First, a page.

Today’s post is a reader submission from Gina Melnik. You may remember an article from last year where Gina wrote about her strongwoman group, N.E.W.S. Since then, Gina recently had a baby girl, and had a lot of people ask her about training while pregnant. Today she graciously shares her experience and what she learned along the way. Be sure to check out the video at the bottom, where she absolutely crushes her first competition as a mother!
On Pumping Iron and Making Babies
Contrary to what some would say, you don’t necessarily have to stop lifting weights just because you’re pregnant. If your body is accustomed to it and you’ve already got an established strength training routine, you should be able to continue lifting with some modifications. First, talk to your midwife or OB and get informed about any guidelines they have for you or limitations applicable to your particular situation. Then, assuming you’re cleared, go for it! There’s lots of research showing that exercise is good for pregnant women and their babies.
Since I frequently get asked about it, I’d like to share what kinds of modifications I made during my pregnancy. However, neither me nor anyone else is going to be able to give you precise information about how heavy is too heavy. It seems reasonable to assume that the appropriate weight is going to depend in part on how much you were lifting before you got pregnant. But don’t hold your breath for specific guidance based on your current strength level. (For example, not to lift beyond ___% of your 1RM.) This kind of research has never been done so you have to listen to your body and use common sense.
With that said, while I was pregnant I:
1.) Tried to avoid getting out of breath. When you’re pregnant even modest exercise can sometimes make your heart rate shoot up and you get winded much faster. The rule of thumb that I was given was to not wind myself so much that I couldn’t talk. I liked this rule because I found it a pretty easy way to check myself.
2.) Took the weight down and focused on doing more reps instead. Even though my body was used to low rep sets, I knew pregnancy was not the time for that kind of lifting. However, on some exercises, squats and deadlifts for example, I chose to keep the reps more in a middle range simply because my heart rate could sometimes climb pretty quickly. On those exercises I generally stopped around 8 reps and just did more sets.
3.) Stopped a set if I got too tired and allowed my form to start to break. There were times when I know I could have finished the set or even done a little more but once my form started to slip I saw that as a sign I needed a break.
4.) doing the valsalva maneuver (i.e. holding your breath and creating intra-abdominal pressure when you are about to lift something.) I was actually told to avoid holding my breath at all. If I felt like a weight was going to feel awkward to lift without holding my breath then I reduced the weight.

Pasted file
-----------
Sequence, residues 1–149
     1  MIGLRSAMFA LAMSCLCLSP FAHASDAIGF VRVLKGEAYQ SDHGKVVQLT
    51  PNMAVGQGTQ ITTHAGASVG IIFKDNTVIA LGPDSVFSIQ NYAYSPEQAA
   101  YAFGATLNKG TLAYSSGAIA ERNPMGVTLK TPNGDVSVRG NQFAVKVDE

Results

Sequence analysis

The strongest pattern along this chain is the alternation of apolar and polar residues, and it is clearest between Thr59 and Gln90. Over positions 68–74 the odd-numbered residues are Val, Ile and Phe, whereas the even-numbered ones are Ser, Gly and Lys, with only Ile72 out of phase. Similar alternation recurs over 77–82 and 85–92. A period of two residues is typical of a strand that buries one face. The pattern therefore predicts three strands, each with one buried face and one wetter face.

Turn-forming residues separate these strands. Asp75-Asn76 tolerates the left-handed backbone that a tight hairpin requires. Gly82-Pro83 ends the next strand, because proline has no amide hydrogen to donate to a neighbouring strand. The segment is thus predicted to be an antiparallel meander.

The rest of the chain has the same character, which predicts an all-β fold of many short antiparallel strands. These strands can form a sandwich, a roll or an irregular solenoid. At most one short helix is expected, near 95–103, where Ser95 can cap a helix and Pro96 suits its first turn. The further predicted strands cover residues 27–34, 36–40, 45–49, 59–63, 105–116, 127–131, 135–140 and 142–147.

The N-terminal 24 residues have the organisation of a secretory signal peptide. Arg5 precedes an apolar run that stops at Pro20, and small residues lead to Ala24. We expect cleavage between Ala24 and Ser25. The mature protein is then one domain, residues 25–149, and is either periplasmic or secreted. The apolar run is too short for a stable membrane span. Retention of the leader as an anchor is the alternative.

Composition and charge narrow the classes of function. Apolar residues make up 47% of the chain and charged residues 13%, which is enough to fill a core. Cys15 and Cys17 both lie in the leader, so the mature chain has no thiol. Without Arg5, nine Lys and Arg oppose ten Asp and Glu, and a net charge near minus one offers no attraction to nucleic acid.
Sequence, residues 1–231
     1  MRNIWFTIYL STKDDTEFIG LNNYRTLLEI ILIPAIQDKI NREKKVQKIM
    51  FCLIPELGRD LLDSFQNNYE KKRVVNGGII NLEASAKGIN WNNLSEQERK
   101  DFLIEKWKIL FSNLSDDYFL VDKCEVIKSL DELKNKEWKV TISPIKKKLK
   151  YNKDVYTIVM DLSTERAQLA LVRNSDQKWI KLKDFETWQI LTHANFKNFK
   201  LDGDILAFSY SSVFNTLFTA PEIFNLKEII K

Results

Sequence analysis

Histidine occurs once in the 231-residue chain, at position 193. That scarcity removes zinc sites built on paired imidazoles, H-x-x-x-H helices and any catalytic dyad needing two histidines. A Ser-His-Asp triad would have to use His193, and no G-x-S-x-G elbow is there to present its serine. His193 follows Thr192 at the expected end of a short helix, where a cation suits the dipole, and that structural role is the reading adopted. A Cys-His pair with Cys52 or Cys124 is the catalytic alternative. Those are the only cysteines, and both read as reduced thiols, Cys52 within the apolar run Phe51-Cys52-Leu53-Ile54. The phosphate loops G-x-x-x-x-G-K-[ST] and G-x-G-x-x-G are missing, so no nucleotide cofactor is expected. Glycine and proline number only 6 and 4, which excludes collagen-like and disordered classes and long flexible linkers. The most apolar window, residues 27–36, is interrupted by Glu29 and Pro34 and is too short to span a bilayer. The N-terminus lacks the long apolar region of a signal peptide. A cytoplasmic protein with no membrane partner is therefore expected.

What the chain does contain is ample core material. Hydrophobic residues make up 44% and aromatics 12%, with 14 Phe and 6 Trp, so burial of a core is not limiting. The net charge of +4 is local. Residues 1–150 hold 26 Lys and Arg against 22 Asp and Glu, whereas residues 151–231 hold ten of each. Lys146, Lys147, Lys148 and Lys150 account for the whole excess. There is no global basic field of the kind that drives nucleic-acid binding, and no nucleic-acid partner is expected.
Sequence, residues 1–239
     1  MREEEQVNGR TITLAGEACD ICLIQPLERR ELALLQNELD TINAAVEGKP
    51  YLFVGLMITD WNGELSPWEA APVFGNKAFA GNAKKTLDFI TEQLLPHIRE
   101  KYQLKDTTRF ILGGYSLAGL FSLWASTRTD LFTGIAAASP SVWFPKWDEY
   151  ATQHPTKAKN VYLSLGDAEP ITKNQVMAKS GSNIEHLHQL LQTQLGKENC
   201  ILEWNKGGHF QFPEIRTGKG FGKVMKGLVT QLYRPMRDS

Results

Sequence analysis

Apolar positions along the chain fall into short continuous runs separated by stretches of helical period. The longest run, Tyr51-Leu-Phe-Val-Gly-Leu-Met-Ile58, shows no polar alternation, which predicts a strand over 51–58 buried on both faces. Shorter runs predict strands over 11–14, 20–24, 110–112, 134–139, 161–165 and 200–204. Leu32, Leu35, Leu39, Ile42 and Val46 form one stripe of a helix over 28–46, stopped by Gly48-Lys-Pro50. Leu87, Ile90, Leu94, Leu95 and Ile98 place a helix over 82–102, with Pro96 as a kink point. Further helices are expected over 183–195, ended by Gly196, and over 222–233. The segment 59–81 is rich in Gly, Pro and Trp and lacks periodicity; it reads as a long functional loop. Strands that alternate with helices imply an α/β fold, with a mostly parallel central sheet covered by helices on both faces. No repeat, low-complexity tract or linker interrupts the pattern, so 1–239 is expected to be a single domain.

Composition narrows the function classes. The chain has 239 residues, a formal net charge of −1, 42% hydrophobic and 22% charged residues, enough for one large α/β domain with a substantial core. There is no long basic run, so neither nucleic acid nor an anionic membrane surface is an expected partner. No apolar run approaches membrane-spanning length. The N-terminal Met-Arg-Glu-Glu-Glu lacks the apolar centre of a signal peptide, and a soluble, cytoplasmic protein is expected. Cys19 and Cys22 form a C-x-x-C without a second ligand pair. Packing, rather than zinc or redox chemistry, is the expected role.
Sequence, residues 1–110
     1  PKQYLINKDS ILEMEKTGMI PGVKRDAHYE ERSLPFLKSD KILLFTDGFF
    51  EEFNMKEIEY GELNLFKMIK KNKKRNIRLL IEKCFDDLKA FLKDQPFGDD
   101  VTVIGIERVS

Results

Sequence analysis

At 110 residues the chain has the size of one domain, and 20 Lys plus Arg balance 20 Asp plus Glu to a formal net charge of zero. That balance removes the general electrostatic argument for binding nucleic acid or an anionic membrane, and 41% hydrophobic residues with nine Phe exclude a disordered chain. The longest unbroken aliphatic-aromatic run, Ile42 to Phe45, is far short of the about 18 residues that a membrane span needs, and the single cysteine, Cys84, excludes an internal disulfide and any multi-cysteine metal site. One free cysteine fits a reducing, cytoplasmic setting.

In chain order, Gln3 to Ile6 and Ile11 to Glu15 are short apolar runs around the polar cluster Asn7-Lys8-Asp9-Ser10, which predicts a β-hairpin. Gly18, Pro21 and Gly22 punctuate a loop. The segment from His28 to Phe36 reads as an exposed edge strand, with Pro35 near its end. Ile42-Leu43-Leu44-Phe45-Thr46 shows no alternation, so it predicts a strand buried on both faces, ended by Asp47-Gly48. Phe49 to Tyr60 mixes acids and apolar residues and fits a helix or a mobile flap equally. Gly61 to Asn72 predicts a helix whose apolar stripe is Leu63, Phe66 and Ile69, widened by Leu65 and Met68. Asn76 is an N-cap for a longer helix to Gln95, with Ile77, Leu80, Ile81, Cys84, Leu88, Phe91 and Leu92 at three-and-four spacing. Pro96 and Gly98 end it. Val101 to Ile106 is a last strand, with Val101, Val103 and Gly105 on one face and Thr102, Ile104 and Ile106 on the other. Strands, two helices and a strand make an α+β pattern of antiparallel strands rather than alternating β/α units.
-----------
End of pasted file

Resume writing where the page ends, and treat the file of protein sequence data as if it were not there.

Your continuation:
5.) Reminded myself that my center of gravity and balance were going to keep changing – especially as my body got bigger. I didn’t do exercises that required more balance and coordination than I was comfortable with. If my balance felt “off” then I went on to something different.
6.) Avoided exercises where I would have to lie flat on my back. From the 2nd trimester on, it’s generally recommended that you avoid doing this and it was an easy guideline to follow.
7.) Kept up with ab work during most of my pregnancy, e.g. hanging leg raises, side bends, planks). (Hidden bonus: the amusement of guilting the rest of the gym into not skipping their ab work after watching you do it while pregnant.)
8.) Reminded myself that relaxin, a pregnancy hormone that makes joints more mobile, put me at greater risk of a musculoskeletal injury. Relaxin levels peak in the 2nd and 3rd trimester but it actually starts rising even fairly early on in the 1st trimester. There’s not a lot to do about this other than keep it in mind and remember to reel yourself in when needed.
9.) Avoided fast, explosive movements and most cardio other than walking. Why? Mainly because my body didn’t love it and I…
10.) Listened to my body!!! And I hope you will do the same. You really are the ONE person that knows exactly what does or doesn’t feel okay.
A few final thoughts:
Hopefully listening to your body is something you’ve already learned how to do. (For example, when you need to deload, back off your bad shoulder, or warmup longer.) If you have learned the skill of “listening to your body,” now is the time to use it. If you haven’t, consider this practice. Honing this skill will serve your lifting long past this pregnancy.
Try to get to the gym consistently. If you are really too exhausted then obviously take the rest and don’t beat yourself up about it. But if you mostly just don’t feel like it, try to get there anyhow and do what you can, however modest it may be. As far as I can tell, no one really feels like working out when they are pregnant.
Lastly, consistency can be aided by having a goal for the future. Even if your goal seems a little bold, if it gets you out of bed and to the gym that’s all that matters. Don’t be afraid to dream about your comeback.
Video below of the goal that kept me motivated. I had no idea whether competing so soon after my daughter’s birth would be doable but … turns out it was. :)
Before beginning any exercise program, always discuss the program with your physician and follow your physician’s advice. This information is not intended to replace a physician’s independent judgment about the appropriateness or risks of engaging in an exercise program.
Gina Melnik is a psychologist, an ISSA certified personal trainer, co-founder of the New England Women of Strength (N.E.W.S.), and… a new mom.